Salient. An Organ of Student Opinion at Victoria College, Wellington, N.Z. Vol. 11, No. 7. June 23rd, 1948
In his address to the Political Science Society the Consul for Switzerland, Mr. E. C. Theiler, spoke of Switzerland as an example to Europe and perhaps the world of how federalism can bring peace. Switzerland was born in the year 1291 when the free men of the Alpine valleys bordering Lake. Lucerne formulated the "Everlasting League." Unlike most ambitious pacts of this nature, this one lasted.
Federalism became necessary to Switzerland as soon as there was more than one language group, for conflicting race, religion and language makes centralised democratic government impossible. Each canton is autonomous in so far as its constitution does not conflict with the Federal Constitution, while within the canton the commune is independent in all local affairs. Each canton has its own system of government while its constitution is guaranteed by the Federal Constitution. There are no minority groups in Switzerland for any citizen may dwell in any commune, each of which is completely autonomous in all matters relating to racial origin, or religion. Persecution of any form is forbidden by the constitution. In 1798 Switzerland was forced to accept a revolutionary constitution which set up the "one and indivisible Helvetic Republic." But the idea of federalism was deeply ingrained in the Swiss character and in 1803 Napoleon was forced to restore a degree of autonomy to the cantons. Later by a constitutional referendum the people adopted the constitution of 1848 under which the old loose federation of states was transformed into a federal state with a national government.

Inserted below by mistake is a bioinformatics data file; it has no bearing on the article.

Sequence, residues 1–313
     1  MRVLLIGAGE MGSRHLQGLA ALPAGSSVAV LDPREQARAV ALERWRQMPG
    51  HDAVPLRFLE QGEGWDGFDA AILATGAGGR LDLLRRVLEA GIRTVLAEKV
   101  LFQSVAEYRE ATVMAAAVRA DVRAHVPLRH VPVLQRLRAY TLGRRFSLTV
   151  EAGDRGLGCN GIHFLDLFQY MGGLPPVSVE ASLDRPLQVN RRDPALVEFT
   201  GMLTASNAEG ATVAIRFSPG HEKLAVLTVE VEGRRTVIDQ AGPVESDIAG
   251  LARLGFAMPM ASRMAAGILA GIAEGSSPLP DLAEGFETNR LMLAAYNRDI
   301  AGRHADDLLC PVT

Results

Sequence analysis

Turning to Europe Mr, Theiler tried to explain how a federal system based on the Swiss pattern would be beneficial to European peace. Europe as everybody knows, is divided into two camps, both sides have the best intentions in the world and both desire world, peace, they therefore have much in common, but no one would think so.